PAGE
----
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The state or situation of a tenant; a tenant’s estate maintained as a tenant at will, a tenancy for years
Tenancy and Tenant Legal Definitions

Tenancy: A tenant’s position or situation; the estate held by a tenant, as a tenant at will, a tenancy for years.
Tenant – A person who owns or occupies land or tenements under any kind of title, whether in fee, for life, for years, or at will.

Tenants may be considered for the estate to which they are entitled. There are several:

Tenants pay a charge

Tenants on the basis of courtesy

Dower tenants

Tenants in the rear. probability of the problem being extinct

Lifetime leases

Tenants for many years

Tenants change from year to year.

Willing Tenants

Suffering tenants

Tenants are classified as follows in terms of their number:

a number of

In common use

Tenants in common

The praecipe’s tenants

Tenant in fee is a person who has inherited an estate in the land. See also Fee.

Tenant by curtesy occurs when a man marries a woman who is seized of an estate of inheritance, that is, of lands and tenements in fee simple or fee tail, and has children who are capable of inheriting her estate. In this situation, upon the death of his wife, he will keep the lands as tenant by the curtesy for life.

Tenant in dower occurs when a woman’s husband is taken of an inherited estate and dies; in this situation, the wife shall get the third part of the lands and tenements of which he was seized at any point during the coverture, to keep to herself for the rest of her natural life.

Tenant in tail after possibility of issue extinct occurs when one is tenant in special tail and a person from whose body the issue was to arise dies without issue or becomes extinct with issue; in these instances, the survivor becomes tenant in tail after possibility of issue extinct.

Tenant for life is the person to whom lands or tenements are given, or to whom he derives a title by operation of law for the duration of his own life, or the life of any other person, or for more than one life. He is referred to as a tenant for life, unless he owns the estate by the life of another, in which case he is referred to as a tenant er autre vie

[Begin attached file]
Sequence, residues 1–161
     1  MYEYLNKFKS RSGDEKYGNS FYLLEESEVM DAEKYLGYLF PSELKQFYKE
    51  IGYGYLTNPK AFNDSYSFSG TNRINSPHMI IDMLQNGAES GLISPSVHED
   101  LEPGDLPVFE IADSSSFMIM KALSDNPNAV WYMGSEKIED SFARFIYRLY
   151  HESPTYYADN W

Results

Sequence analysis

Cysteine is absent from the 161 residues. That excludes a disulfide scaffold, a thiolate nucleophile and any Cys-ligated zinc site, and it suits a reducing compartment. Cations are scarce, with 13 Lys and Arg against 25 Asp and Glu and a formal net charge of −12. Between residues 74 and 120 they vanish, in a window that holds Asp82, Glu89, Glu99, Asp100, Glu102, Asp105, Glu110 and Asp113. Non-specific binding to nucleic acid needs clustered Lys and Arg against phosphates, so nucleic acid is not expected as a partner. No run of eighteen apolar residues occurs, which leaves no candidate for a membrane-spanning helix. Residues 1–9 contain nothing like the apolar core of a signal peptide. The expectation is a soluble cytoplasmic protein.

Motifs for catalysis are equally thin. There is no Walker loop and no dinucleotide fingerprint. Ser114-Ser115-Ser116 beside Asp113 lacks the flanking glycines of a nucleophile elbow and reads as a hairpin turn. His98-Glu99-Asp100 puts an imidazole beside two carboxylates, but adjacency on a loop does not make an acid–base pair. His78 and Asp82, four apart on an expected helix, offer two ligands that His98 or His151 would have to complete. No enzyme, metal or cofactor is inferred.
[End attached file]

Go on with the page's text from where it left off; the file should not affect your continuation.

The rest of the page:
Tenant for years is one to whom another has leased lands, tenements, and hereditaments for a specified number of years, or for a less specific amount of time, and the lessee enters thereon. A tenant for years has the same estovers as a tenant for life, and they are inseparable from his estate except by specific arrangement. In terms of crops or emblements, the renter for years is often not entitled to them once his tenure expires.

Tenant from year to year is he to whom another has leased lands or tenements without any fixed or defined estate, particularly if a yearly rent is reserved. And, if a person is put into possession as a tenant without any agreement as to time, the inference today is that he is a tenant from year to year, until the opposite is shown; although, of course, such a presumption may be rebutted. The contrast between a renter from year to year and a tenant for years is one of words rather than substance.

Tenant at will is when lands or tenements are rented by one man to another, to have and to bold to him at the will of the lessor, with the lessee in possession by force of the lessor’s will. In this instance, the lessee is referred to as a tenant at will. Every lease at will must be mutually agreed upon by both parties. The landlord may evict such a renter at any moment.

Tenant at suffrance is defined as a person who comes into possession via a legal demise and, once his term expires, retains the possession illegally and holds over.

Tenant in severalty is a person who owns land and tenements in his own right, without being joined or associated with anybody else in any way throughout his estate therein

Tenants in common are those who own various and different titles yet share a common possession. Tenants in common may hold title to real or physical property as tenants in common; they can be tenants of a home, land, a horse, a ship, and so on. Tenants in common are required to account to one another; however, they are only required to account for the worth of the property as it was when they arrived, not for any improvements or work they performed at their own cost.

Tenants to the praecipe are those who are the tenants or seized of the freehold against whom the writ of praecipe is instituted in suing out a common recovery.